Nan Schwartz Recordings

If you’ve listened to the new Divine Art album, Nan’s unique harmonic writing for the orchestra may seem something of a surprise. But once you know more about her, her family and the musical milieu in which she grew up, it will seem inevitable.

Nan’s family legacy includes a father (Willie Schwartz) whose clarinet created the “Glenn Miller sound” and who played on nearly every Frank Sinatra recording before becoming one of Hollywood’s most in-demand studio musicians. Nan’s mother, Peggy Clark, sang on such chart-topping hits as “Sunny Side of The Street” and “Chicago” with music legend Tommy Dorsey, before going to work as a studio singer for artists encompassing Judy Garland, Dean Martin, Dinah Shore, Julie Andrews, Carol Burnett and Danny Kaye to Sonny and Cher, in addition to extensive movie, record, and jingle sessions. Nan’s household played host to the composers and arrangers who created the iconic American music of the 40’s, 50’s, 60s, 70’s, and 80’s, including Nelson Riddle, Billy May, Henry Mancini and Dave Grusin. It was quite common to hear that music performed at the regular parties held by her parents.

Seemingly by osmosis, she breathed in the great music and harmonies that filled her living room. How many children, when they hear the music of Antonio Carlos Jobim, find a guitar and have an uncle such as Bob Bain (noted L.A. guitarist on the Tonight Show) to teach them the Brazilian voicings? Another influence was jazz pianist Bill Evans, whose harmonic sensibilities led Nan to transcriptions of Bill’s music; she never played piano the same way again. And, with her perfect pitch, Nan was in demand as a “kid singer” doing studio work as well—ranging from projects for composer Michel Legrand to the instantly recognizable “C & H Pure Cane Sugar” commercial!

What opened up the world of film-scoring for Nan was the day her dad came home from work to announce “I’ve just had the most rewarding day of my entire career!” He had played woodwinds on the soundtrack to “The Sandpiper,” whose brilliant score was written by composer Johnny Mandel. Nan played the soundtrack incessantly, planting a seed that was to bear fruit in the years to come.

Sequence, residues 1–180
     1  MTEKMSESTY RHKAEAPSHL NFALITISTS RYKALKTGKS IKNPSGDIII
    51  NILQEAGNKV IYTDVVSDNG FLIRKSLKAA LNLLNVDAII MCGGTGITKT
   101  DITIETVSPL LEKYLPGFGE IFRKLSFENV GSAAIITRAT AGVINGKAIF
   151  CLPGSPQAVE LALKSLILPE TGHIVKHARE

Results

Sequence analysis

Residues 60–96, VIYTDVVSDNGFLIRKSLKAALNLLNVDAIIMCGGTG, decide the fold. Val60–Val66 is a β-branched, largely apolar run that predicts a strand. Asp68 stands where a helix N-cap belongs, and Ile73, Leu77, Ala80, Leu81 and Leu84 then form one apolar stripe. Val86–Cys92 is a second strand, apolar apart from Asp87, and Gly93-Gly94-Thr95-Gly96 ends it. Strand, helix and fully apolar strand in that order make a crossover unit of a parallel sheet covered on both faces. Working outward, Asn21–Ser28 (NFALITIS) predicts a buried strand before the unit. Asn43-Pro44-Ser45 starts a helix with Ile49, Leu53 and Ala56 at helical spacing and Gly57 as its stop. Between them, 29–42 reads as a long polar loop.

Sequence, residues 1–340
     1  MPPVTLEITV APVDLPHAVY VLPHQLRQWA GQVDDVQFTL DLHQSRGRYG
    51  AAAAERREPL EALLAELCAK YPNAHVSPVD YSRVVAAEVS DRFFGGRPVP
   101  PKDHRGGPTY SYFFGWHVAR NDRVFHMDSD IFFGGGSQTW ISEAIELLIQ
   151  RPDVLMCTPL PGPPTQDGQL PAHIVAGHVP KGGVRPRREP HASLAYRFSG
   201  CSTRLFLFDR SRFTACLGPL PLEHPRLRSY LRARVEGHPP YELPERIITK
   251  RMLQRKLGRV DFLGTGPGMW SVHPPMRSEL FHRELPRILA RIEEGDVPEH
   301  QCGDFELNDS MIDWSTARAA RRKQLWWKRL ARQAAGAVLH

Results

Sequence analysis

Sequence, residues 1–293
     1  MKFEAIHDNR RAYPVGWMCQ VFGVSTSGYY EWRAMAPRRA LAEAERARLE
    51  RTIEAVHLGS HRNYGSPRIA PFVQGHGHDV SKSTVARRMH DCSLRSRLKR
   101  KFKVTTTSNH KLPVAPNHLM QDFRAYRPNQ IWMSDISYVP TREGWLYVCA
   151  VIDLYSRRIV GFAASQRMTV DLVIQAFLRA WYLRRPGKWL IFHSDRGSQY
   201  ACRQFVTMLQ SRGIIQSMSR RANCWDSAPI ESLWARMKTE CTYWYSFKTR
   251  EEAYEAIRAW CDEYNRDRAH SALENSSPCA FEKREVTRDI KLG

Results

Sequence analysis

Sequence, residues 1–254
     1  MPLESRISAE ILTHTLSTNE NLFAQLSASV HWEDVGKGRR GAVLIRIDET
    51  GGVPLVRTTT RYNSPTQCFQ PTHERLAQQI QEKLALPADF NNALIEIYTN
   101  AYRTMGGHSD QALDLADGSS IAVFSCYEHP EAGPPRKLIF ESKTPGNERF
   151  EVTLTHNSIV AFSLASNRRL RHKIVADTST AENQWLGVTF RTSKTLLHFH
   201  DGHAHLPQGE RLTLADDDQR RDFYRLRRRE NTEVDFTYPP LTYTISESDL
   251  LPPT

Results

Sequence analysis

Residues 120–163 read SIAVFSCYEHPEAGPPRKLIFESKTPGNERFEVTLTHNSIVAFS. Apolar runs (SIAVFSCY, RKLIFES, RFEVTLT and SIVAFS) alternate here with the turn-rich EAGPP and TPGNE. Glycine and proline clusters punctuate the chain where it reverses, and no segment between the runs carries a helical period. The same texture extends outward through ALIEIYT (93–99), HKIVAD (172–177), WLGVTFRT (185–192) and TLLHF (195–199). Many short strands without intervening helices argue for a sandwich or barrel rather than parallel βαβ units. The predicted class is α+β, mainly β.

However, as the child of successful performers, Nan only saw two pathways for herself in music: singing or piano, and neither seemed the right fit. Instead, she opted for a career in television production, and was working her way up the ladder when fate stepped in. A skiing accident incapacitated Nan for nine long months. To pass the time she wrote vocal arrangements, “since the whole family could sing and with my perfect pitch I didn’t have to get to the piano.” Near the end of her recovery she was taken to lunch by a family friend, studio singer Gilda Maiken. “What’s your big dream?” Maiken asked her. “I would have loved to have been a film composer, but I already finished college, I’m a woman, and it’s too late.” “Why don’t you study privately and be the first woman composer?” Gilda asked. Fired up, Nan found noted orchestration teacher Albert Harris and began private studies.

One day, while singing in a live show with Frank Sinatra and a big band, she was knocked out by a swinging arrangement. Nan just had to know who wrote it, and discovered it was Billy Byers; undaunted, she hounded him until he agreed to teach her. Nan’s own charts for the Tonight Show and other L.A. bands followed, as well as ghostwriting for several of TV’s busiest composers. Finally, Pat Williams gave Nan her biggest break of all—her own show to score—and from then on there was no stopping her. Over the next several years she garnered seven Emmy nominations, including an unprecedented three in one year—for Outstanding Music Composition for a Series, Outstanding Music Composition for a TV Movie and Outstanding Music and Lyrics. Her list of hit TV series and movies includes “In The Heat of the Night” and “Under the Influence.”